Hushovd will be consulting his team's doctor to determine if he needs to take antibiotics. He was scheduled to participate in Het Volk and Kuurne-Bruxelles-Kuurne next week to prepare for Tirreno Adriatico, but is now unsure whether he will be able to ride at these races.

ProTour logo on ProTeams' jerseys

Fourteen UCI ProTeams have decided to put the UCI ProTour logo on their jersey, demonstrating their commitment to the circuit, the International Cycling Union has announced. "This initiative shows their motivation and reinforces what already seems to be a certainty: the 2005 Road season will be fantastic and have the full support of the teams," the communiqué stated.

Nobili Rubinetterie in Australia

The women's team Nobili Rubinetterie Menikini Cogeas from Italy has arrived in Australia to participate in the Geelong Tour from Tuesday, February 22-24, and in the first World Cup race on Sunday, February 27. "We are one of two teams to come to Australia from Europe for this important event," said manager Walter Zini. "We are here to get a good result. Australia is a real heaven for cycling and to win here would start the season well. In Italy it is very cold at the moment, and I hope the girls don't have to go through any heavy changes of climate again!"

Nobili Rubinetterie will line up in Australia with the Russian Olga Slyusareva, Olympic champion 2004 on track in the points race and winner of the bronze medal on road in Athens 2004, as well as Lithuanian Modesta Vzesniauskaite, Italians Sigrid Corneo, Daniela Fusar Poli, Silvia Valsecchi and Joanne Kiesanowski, New Zealand road and track champion.

Madiot president of AC 2000

Marc Madiot, FdJeux's directeur sportif, has been elected president of the AC 2000 association of French professional cycling teams on Friday, February 18. He will be replacing Roger Legeay (Crédit Agricole), who had taken up the presidency in May of last year and started to put into place a team's charter in accordance with the wishes of those interested.

Kodak Gallery opens training camp

Beginning on Monday, February 21, the Kodak EasyShare Gallery/Sierra Nevada Professional Cycling Team will make its final preparations for the 2005 season at a two-week training camp to be held in Napa, California.

Cycling fans will have a chance to train with the team from February 25-27 at a public camp hosted by Endurance Mill Valley, the official supplier of coaching and performance testing to Kodak Gallery/Sierra Nevada. Please visit or call (415) 380-9629 for more information.

After the Kodak Gallery/Sierra Nevada camp concludes on Thursday, March 3, the team will travel to Merced for the McLane Pacific Cycling Classic, March 5-6.

2nd Annual Foothill Century at McLane Classic

The second annual amateur cycling Foothill Century is kicking off the McLane Pacific Cycling Classic weekend on March 5 and 6 in Merced, California. While pro cyclists converge in Merced on the path to international competition, recreational cyclists toting their tandems, trikes, and bikes of all types are invited to enjoy the same sensation.

The Foothill Century is geared toward all skill levels, including three different course lengths and conditions. The 100-mile route welcomes its riders with rolling hills, vineyards, and orchards before a breakfast break at Hilltop Ranch. It then weaves past Turlock Lake to the Don Pedro Dam, overlooking the Tuolomne River Gorge, where all riders can downshift for a snack stop. After refueling, the trail will continue through the old mining town of Merced Falls and on to the final destination in historic Snelling. Total elevation for the 100 mile ride is 3500 feet.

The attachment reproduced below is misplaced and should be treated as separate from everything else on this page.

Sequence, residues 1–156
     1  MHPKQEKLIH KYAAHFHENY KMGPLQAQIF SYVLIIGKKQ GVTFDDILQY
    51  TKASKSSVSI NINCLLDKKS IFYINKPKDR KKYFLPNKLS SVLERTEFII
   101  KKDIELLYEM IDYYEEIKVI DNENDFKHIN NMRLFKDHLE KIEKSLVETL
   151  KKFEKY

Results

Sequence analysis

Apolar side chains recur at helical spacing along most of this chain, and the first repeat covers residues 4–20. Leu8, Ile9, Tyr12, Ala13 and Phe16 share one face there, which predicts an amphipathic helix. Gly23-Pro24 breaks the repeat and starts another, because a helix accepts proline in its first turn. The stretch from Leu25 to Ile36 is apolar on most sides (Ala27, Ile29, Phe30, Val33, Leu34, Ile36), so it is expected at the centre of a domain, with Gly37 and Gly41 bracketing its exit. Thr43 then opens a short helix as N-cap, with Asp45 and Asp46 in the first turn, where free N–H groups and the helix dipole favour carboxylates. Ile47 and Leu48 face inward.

Also on offer is an alternate route totalling 100 km as well as the family favourite, the 13 Mile route. Both beginners and breakneck speeders finish the race seated directly in view of the Downtown Grand Prix races, and will be served plenty of food and drink.

The entry fee for the 100-mile route is $35, and the 100 km ride is $30 if registration is done before February 21. The 13-mile ride is only $20, also registering before February 21. A family of 3 or more on the 13 mile ride pays $40 for the entire family to enter. Late and same day registration is also available for a small additional fee.

More information, directions, and registration are available online at

Cape Epic 2005 with Brentjens

With the world’s best mountain bikers at the start, this year’s Cape Epic will be held in South Africa from April 2-9. For the first time, an Olympic Champion, the current number one in the UCI World Ranking and the reigning overall World Cup Champion Cross Country will compete in a mountain bike race in South Africa.

Giant Racing Team rider Bart Brentjens (Ned), the Olympic Champion in Atlanta and Bronze Medallist in Athens, will ride the approximately 850 km through the Western Cape together with his new teammate Roel Paulissen (Bel), the current leader of the UCI World Ranking Cross Country. The Dutch-Belgium Giant Team is a hot favourite for the victory, but they will face strong competition. Siemens Cannondale riders Christoph Sauser (Swi), the 2004 overall World Cup Champion Cross Country and Bronze Medallist at the Olympic Games in Sydney, and Fredrik Kessiakoff (Swe), fifth at the 2004 World Cup finals in Livigno, also have ambitions.

Last year’s winners Mannie Heymans (Nam) and Karl Platt (Ger) will start with new partners. African Champion Mannie Heymans (Focus) has teamed up with South Africa’s number one, Jacques Roussow (GT), who placed third in 2004. After winning all three major mountain bike stage races last year (the Epic, TransAlp and TransRockies), Karl Platt will start at the second edition of the Magical and Untamed African Race with his good friend and new Rocky Mountain team partner, the Marathon Worlds Bronze Medallist Carsten Bresser (GER), with whom he already won the adidas Bike TransAlp Challenge in 2002.

Austrian rider Silvio Wieltschnig (Fiat Rotwild), who finished his first Epic on second place overall, will join forces with South Africa’s Kevin Evans (Scott), one of the leading SA mountain bikers, this year.

Hot candidate to win the Women category is team adidas Fiat Bianchi with multiple SA MTB Champion Hannele Steyn-Kotze, who placed third at last year’s adidas Bike TransAlp Challenge, and South Africa’s famous golf pro Zoë Frost, winner of several international Pro Am tournaments as well as two individual and two team US National Championships.

Other mountain bike celebrities participating in the second annual Cape Epic are multiple 24 hour Solo World Champion Chris Etough (USA) as well as mountain bike pioneer Keith Bontrager (USA), who built his first mountain bike frame in 1980 and has contributed immensely to the development of bicycles and parts for the last decades.

For further press information go to